The University of Maryland football players and coaches didn't know what kind of reception they'd get as their buses arrived at Middletown High School — surrounded by mountains, 50 miles northwest of College Park — for a scrimmage on a sunny Saturday near the end of spring practices in April.
They hoped that Frederick County was full of Terps fans, but they hadn't scrimmaged here before. They were pleased to find the parking lot nearly full and the scoreboard flashing "Welcome Maryland Football!" in giant red letters.
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University of Maryland College Park, 7965 Baltimore Avenue, College Park, Maryland 20740, USA
The Terps can command attention in rural Maryland because there are fewer leisure-time pursuits than in the Baltimore-Washington corridor — a region in which the football program has struggled lately to attract fans. About 1,700 fans attended the team's Middletown appearance, the sort of reception the program increasingly craves.
As it prepares for its 2014 entry into the Big Ten — a potent conference boasting football stadiums with nearly twice the capacity of Maryland's — the state's flagship university needs to build its fan base, its athletic fundraising and its imprint on the region. The school hopes to begin closing the gap this fall between last season's reality — an average attendance of 36,022 in Byrd Stadium, which seats about 54,000 — and its vision of sold-out Big Ten home games in the future.
It has already taken its biggest and most audacious marketing move: jumping to the Big Ten from the Atlantic Coast Conference last November. Maryland sees the new conference as the remedy to years of middling attendance figures for games against ACC opponents such as Wake Forest and Boston College.
"I think in college football — actually, in college in general — football is king. So anybody would jump at the chance to join the Big Ten," said Robert Tuchman, president of the sports and entertainment experiential company Goviva. "You open up a multitude of possibilities by playing legendary teams in huge stadiums. It trumps every other conference. There's a tremendous difference between what you can do as a Big Ten school and what you can do in the ACC."
Maryland is counting on a major attendance boost — it won't estimate how large — by replacing its traditional ACC foes with nationally prominent teams such as Ohio State, Penn State and Michigan. Maryland believes those schools' appearances will not only excite Terps fans but draw thousands of visiting teams' backers to College Park as well.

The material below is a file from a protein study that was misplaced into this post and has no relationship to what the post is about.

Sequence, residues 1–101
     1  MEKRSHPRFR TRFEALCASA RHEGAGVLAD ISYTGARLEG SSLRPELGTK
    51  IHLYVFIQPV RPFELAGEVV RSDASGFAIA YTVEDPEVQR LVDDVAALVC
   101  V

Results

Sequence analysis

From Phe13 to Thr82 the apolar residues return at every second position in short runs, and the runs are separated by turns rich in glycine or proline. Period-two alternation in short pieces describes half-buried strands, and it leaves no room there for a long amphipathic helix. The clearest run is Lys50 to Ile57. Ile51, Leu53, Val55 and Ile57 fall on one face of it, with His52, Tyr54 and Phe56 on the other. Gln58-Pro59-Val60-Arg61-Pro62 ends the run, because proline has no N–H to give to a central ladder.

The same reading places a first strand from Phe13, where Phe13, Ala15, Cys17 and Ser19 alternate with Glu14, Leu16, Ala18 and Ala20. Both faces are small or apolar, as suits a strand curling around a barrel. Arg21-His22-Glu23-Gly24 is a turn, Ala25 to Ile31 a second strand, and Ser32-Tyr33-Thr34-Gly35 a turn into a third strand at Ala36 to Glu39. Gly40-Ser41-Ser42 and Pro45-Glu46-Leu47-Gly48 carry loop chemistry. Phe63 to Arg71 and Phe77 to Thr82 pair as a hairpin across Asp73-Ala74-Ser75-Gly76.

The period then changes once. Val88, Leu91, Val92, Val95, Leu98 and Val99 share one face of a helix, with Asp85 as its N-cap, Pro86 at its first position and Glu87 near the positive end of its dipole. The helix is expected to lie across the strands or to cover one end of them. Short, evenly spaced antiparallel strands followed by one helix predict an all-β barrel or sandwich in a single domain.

"At the end of the day, it's that storied football program," said Nathan Pine, Maryland's deputy director of athletics. "It's that history and tradition that some of those schools carry with them. It's the name recognition."
Maryland hopes its Big Ten membership will foster new rivalries and elevate the profile of all of its 20 varsity teams. Football is a priority because it is the big-money sport in college, and there is so much room for attendance to grow at Maryland. Football accounted for nearly one-third of the revenue from all of the school's varsity sports in the most recent data compiled by the U.S. Education Department.
And unlike the ACC, of which Maryland was a founding member, the Big Ten has its own television network, which pays big dividends to members.
For now, Maryland's football program has not grown big enough to fill the stadium's Tyser Tower, a $50.8 million modernization project that opened amid a recession in 2009 and included an expansion featuring luxury suites with bars and flat-screen TVs. As of early June, 48 of the tower's 63 suites were committed. The rest wait for the better days that Maryland officials believe will come when Big Ten teams begin arriving, if not before.
As of June 4, Maryland had sold 15,046 football season tickets, according to the athletic department. That was 1,815 more than at the same time last year, but down from about 20,000 before the 2011 season. Maryland has won six of 24 games over the past two seasons.
Marketing football always has been a challenge for the school.
When the spring scrimmage in Middletown ended, the team boarded its buses and returned to a campus that is within a 40-minute drive of two NFL stadiums. Maryland football competes not only with the Ravens and Redskins for fans' dollars but also with many tourist attractions and professional baseball, basketball and hockey teams.
"I think Maryland is in a unique spot because it does have to deal with the Redskins and Ravens," Tuchman said. "Wow. Those are two powerful brands. But there are people out there who love college football, the tradition it represents. Fans from all over end up in the D.C. area, and there's a chance to grab some of them now that Maryland is in what is clearly acknowledged as a top football conference."
Maryland's advocates are focused on that opportunity for growth.
"You're dealing with an institution that sits in a very densely populated region of the country," said Terry Hasseltine, director of the Maryland Office of Sports Marketing. "That is one of the challenges. But if we overcome those challenges, it's also an advantage. There are more people to tell your story to."
With more than 9.3 million residents, the Baltimore-Washington metropolitan area is the nation's fourth largest, according to the U.S. Census Bureau. Maryland estimates that 200,000 alumni live within a two-hour drive of from campus.
"We have the best location and the worst location in the country," Sasho Cirovski, the men's soccer coach, told Maryland fans during a recent Inner Harbor cruise on the Spirit of Baltimore.
Among those on board was men's basketball coach Mark Turgeon, who is reaching out to former Terps players — from the 1970s and earlier — to help promote the program. Until this past season, many players from former coach Lefty Driesell's era said they felt alienated from Maryland.